Facing competition from Internet firms, many banks scrap fund transfer charges

By Chu Daye Source:Global Times Published: 2015-12-9 19:28:01

A growing number of joint-equity commercial banks have announced that they had stopped charging fees for online transfers in recent months. Experts say the move is aimed at staving off competition from the Internet-based payment services, such as Ailpay and Tenpay Wallet, which don't charge users for most fund transfers. Big banks, however, may be slow to follow.


Several joint-equity commercial banks have announced they had abolished fees for money transfers via their online services, fueling expectations that more banks will follow suit, bringing more benefits to customers.

Experts said the development shows that the competition between banks is rising, amid a growing pressure from third-party online payment tools such as Alipay, but they noted that larger State-owned banks in China will not be quick to follow.

Shenzhen-headquartered China Merchants Bank announced its decision to scrap fees for money transfers via its online banking service, effective on September 21, 2015.

Currently, most banks charge their customers a fee to transfer funds between banks. Generally speaking, the fee is the highest when a customer performs the transfer with the help of a bank teller. But if the transaction is completed online, the customer can enjoy a discount - usually 50 percent.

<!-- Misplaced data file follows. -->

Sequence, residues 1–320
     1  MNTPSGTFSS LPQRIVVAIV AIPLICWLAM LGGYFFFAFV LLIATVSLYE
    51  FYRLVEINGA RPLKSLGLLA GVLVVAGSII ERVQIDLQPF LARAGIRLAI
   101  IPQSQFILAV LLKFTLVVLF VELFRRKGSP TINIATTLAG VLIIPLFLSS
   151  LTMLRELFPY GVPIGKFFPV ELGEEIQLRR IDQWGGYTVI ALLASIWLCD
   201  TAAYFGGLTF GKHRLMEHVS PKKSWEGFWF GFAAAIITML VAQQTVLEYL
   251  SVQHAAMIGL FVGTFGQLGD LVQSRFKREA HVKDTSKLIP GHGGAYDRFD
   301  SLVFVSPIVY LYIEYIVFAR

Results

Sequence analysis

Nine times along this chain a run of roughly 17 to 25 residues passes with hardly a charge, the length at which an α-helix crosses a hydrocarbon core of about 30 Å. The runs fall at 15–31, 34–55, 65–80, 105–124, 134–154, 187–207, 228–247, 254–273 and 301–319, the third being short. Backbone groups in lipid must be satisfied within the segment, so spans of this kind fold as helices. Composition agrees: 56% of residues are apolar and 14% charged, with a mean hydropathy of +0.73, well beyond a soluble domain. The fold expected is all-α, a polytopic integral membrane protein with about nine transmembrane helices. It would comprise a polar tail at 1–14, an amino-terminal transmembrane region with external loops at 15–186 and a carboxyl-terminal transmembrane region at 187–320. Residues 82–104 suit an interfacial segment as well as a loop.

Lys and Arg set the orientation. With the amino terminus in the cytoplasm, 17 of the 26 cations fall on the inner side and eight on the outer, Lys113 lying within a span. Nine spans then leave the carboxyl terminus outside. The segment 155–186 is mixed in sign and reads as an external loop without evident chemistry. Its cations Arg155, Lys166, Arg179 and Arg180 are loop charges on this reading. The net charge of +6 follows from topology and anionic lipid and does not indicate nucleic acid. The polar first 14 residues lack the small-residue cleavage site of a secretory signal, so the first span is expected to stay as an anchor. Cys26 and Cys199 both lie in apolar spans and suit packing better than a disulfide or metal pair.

However, for Alipay, China's largest online payment tool by transaction which is developed by Alibaba Group, transfers are all free if done through its mobile app and are capped at 10 yuan ($1.56) if done on a computer.

Hangzhou-headquartered China Zheshang Bank, another joint-equity commercial bank, said it will discontinue its transfer fees on Saturday, trailing Beijing-based China CITIC Bank, whose similiar policy took effect on December 1.

Other banks such as Bank of Shanghai, Bank of Jiangsu and Bank of Ningbo also announced they will stop online transfer fees.

Changing the model

Chinese people typically have several bank accounts from different banks, and choose just a few of them to concentrate their deposits.

Ma Tao, an Internet finance analyst with Beijing-based market consultancy Analysys International, believes that bigger State-owned banks, such as Industrial and Commercial Bank of China (ICBC) and China Construction Bank, will also follow suit in the future.

"The megatrend is that as banking services evolve over time, more and more services will become free of charge," Ma told the Global Times Monday. "So free services are the future of electronic banking."

Offering free services will attract more customers, and provide the banks with more opportunities to peddle financial products and services, Ma said.

"As the government pushes ahead with the interest rate reform, banks need to change their profit model from being based on net interest income, as commercial banks are forced to consider financial products and services as the future source of income, and a sizable user base is a prerequisite for such a strategy," Ma said.